England's Wembley fixture tonight with San Marino immediately evokes memories of the Three Lions' performances under Graham Taylor in the early 90s. They made for such car-crash television that they became a car-crash TV double bill with the timeless Do I Not Like That.

A fly-on-the-wall documentary filmed and broadcast by Channel Four, it followed England's World Cup qualifying campaign for USA 94 under Taylor and captured the strain of managing the national side. Knowing they didn't qualify, you can imagine how bad it would have reflected on Taylor. Only it was worse.

Featuring Phil Neal on yes man form, dodgy facilities, terrible tactics, Paul Gascoigne blaming a football and Carlton Palmer, this was the programme which spawned Mike Bassett: England Manager, only fiction couldn't reflect this chaos.

Taylor deserves huge respect for agreeing to the documentary. He wanted to give the public an insight into what it was like inheriting a job he had inherited in 1990, having already presided over a woeful Euro 92 campaign.

San Marino were England's final opponents as they bid to qualify for the World Cup. The chances were already remote after a 2-0 defeat to Holland in the penultimate match as they needed to win by a seven-goal margin. But even though Taylor's team would batter their hosts 7-1 in Bologna, it is still synonymous with farce.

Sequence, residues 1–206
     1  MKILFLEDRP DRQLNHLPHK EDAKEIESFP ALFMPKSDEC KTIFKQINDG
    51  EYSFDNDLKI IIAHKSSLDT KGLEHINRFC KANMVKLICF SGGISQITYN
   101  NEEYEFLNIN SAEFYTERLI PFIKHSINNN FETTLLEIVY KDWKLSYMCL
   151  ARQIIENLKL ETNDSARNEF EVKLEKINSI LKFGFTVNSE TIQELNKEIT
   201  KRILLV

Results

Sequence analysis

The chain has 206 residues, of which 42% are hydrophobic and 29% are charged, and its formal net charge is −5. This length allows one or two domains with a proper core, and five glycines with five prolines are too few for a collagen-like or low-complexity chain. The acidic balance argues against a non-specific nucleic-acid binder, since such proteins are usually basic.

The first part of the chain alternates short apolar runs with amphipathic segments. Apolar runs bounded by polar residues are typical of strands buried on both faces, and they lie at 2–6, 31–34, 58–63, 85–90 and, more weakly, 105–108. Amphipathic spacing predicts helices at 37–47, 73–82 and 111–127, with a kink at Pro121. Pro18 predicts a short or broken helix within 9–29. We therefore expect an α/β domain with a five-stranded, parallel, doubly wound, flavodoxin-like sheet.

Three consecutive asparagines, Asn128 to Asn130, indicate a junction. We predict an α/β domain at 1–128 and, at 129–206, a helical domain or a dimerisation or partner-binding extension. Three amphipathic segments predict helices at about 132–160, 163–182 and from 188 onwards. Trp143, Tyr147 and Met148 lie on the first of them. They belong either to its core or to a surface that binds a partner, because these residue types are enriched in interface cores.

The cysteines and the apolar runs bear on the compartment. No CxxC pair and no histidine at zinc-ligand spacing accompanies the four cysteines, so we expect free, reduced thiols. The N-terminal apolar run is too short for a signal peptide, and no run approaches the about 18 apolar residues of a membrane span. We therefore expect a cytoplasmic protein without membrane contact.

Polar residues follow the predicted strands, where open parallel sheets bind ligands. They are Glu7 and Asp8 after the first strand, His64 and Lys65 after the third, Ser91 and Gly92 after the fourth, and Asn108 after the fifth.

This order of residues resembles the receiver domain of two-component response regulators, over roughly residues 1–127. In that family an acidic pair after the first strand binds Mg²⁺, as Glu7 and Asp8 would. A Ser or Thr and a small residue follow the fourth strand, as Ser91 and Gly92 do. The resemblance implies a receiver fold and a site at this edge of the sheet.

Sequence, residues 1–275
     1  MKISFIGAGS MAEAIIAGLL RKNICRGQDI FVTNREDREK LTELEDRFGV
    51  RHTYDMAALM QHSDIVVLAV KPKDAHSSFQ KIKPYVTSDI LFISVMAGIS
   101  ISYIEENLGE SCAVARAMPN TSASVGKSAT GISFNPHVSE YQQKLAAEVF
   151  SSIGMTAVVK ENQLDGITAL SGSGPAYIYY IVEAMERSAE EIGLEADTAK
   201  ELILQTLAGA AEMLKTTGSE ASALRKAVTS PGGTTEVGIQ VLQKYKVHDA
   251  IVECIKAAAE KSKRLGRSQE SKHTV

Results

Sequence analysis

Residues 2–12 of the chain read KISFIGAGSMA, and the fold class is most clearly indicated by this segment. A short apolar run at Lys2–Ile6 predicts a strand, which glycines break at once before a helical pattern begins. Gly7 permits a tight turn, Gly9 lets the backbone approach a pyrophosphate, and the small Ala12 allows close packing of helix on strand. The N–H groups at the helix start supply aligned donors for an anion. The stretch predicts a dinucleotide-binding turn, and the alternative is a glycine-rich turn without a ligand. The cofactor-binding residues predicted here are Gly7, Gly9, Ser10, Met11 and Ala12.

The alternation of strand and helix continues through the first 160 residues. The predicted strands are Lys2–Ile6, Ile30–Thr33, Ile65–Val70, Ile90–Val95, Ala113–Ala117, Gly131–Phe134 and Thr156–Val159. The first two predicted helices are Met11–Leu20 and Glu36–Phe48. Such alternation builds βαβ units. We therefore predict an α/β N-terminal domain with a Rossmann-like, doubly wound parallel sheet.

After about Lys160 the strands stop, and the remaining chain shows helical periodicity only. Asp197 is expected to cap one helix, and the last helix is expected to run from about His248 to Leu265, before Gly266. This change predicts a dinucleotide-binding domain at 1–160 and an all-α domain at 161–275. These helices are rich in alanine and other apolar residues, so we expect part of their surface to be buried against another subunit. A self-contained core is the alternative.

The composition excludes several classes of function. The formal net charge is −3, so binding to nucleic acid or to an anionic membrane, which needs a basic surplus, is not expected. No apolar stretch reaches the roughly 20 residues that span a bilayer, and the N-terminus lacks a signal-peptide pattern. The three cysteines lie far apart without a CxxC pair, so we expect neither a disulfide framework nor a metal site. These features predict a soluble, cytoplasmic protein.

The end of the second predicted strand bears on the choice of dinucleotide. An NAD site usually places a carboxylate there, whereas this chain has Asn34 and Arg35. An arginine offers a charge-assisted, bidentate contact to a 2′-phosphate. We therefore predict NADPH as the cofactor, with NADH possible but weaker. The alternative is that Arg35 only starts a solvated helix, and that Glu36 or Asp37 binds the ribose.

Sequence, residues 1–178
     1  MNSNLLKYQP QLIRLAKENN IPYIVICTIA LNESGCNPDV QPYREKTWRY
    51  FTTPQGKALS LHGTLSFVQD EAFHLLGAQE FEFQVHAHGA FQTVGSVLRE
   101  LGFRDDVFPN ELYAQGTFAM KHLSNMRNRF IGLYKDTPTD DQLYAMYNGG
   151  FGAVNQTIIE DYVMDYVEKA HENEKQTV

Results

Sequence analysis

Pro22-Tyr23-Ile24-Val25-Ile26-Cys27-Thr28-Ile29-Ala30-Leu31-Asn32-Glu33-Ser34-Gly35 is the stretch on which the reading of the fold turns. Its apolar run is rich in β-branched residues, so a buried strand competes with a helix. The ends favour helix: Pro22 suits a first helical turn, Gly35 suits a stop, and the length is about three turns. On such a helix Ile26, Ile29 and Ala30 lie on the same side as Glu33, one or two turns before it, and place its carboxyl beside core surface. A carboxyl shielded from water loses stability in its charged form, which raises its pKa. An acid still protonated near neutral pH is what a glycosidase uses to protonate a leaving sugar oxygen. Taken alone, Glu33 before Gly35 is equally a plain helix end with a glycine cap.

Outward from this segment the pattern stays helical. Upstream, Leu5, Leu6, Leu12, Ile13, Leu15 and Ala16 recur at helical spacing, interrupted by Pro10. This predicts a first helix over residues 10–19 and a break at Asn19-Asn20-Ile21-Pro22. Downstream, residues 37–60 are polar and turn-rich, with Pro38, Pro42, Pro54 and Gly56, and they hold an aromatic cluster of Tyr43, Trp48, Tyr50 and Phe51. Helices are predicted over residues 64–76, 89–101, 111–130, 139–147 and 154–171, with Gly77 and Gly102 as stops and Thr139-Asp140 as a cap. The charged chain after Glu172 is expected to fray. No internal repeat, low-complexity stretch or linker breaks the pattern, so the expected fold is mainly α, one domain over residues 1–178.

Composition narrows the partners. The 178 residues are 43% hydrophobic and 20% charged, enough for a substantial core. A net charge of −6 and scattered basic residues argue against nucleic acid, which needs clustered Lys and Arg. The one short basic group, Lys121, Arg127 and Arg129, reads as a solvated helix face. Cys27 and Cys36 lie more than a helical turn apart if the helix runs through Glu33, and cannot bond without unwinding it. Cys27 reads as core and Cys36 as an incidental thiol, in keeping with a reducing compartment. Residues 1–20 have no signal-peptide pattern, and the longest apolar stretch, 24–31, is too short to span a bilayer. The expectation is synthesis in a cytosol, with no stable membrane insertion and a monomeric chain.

Davide Gualtieri's opener after 8.3 seconds, thanks to Stuart Pearce's clownish backpass, encapsulated the slapstick nature Taylor's era had become synonymous with. The manager himself summed it up best: "When the ball went into the net, I looked up towards the sky and just said quietly to myself 'God, please tell me what I have done wrong.'"

The scoreline was irrelevant. Holland had beaten Poland 3-1 to qualify for the World Cup along with Norway as England missed out for the first time since 1978.